“Sometimes I feel discouraged. I look to all of the travels, all of the efforts, all of the petitions…and yet you still sit in Evin prison. But it is during these times of discouragement that I look to Jesus and he continues to tell me to wait. That he has got this. That he will release you at the appointed time and all of this is to show the world how real he is and to wake the Church up.
“So I get up again with my eyes fixed on Jesus, the author and perfecter of my faith.”
Naghmeh then shared Hebrews: 12: 1-3
“Therefore we also, since we are surrounded by so great a cloud of witnesses, let us lay aside every weight, and the sin which so easily ensnares us, and let us run with endurance the race that is set before us, looking unto Jesus, the author and finisher of our faith, who for the joy that was set before him endured the cross, despising the shame, and has sat down at the right hand of the throne of God. For consider him who endured such hostility from sinners against himself, lest you become weary and discouraged in your souls.”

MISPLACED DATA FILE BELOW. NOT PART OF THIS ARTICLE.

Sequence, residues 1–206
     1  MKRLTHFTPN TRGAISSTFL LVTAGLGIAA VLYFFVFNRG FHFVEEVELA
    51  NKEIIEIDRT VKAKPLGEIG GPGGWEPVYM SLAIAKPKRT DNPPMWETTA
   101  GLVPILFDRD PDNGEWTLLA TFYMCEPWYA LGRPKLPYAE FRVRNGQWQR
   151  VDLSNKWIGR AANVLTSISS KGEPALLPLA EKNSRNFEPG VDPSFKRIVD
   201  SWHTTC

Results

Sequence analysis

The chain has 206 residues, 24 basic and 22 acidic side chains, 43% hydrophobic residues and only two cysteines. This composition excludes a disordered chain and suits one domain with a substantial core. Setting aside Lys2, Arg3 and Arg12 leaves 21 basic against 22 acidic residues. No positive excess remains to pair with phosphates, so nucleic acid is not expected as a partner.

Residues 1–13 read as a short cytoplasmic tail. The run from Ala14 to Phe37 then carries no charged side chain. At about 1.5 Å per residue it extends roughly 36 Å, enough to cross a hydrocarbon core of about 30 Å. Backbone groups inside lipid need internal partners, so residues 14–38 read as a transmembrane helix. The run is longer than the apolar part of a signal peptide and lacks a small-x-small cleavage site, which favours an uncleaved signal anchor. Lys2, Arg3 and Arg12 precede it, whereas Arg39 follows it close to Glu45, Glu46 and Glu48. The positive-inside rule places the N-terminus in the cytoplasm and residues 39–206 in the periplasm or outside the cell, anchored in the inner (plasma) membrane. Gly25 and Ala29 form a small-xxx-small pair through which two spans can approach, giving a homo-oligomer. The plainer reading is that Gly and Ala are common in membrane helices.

Letter from Billy Grahan to the Iranian President
President Hassan Rouhani
Islamic Republic of Iran
Sept 23, 2013
Dear President Rouhani,
I have been watching with great concern about the case of Pastor Saeed Abedini, an American citizen who is currently a prisoner in your country. He was in Iran working to build an orphanage when he was arrested and later sentenced to eight years in prison. His situation has been receiving an increasingly high level of attention in the United States. Unfortunately this publicity has been entirely negative for Iran, with the belief that the primary reason for Pastor Abedini’s imprisonment was because of his Christian faith.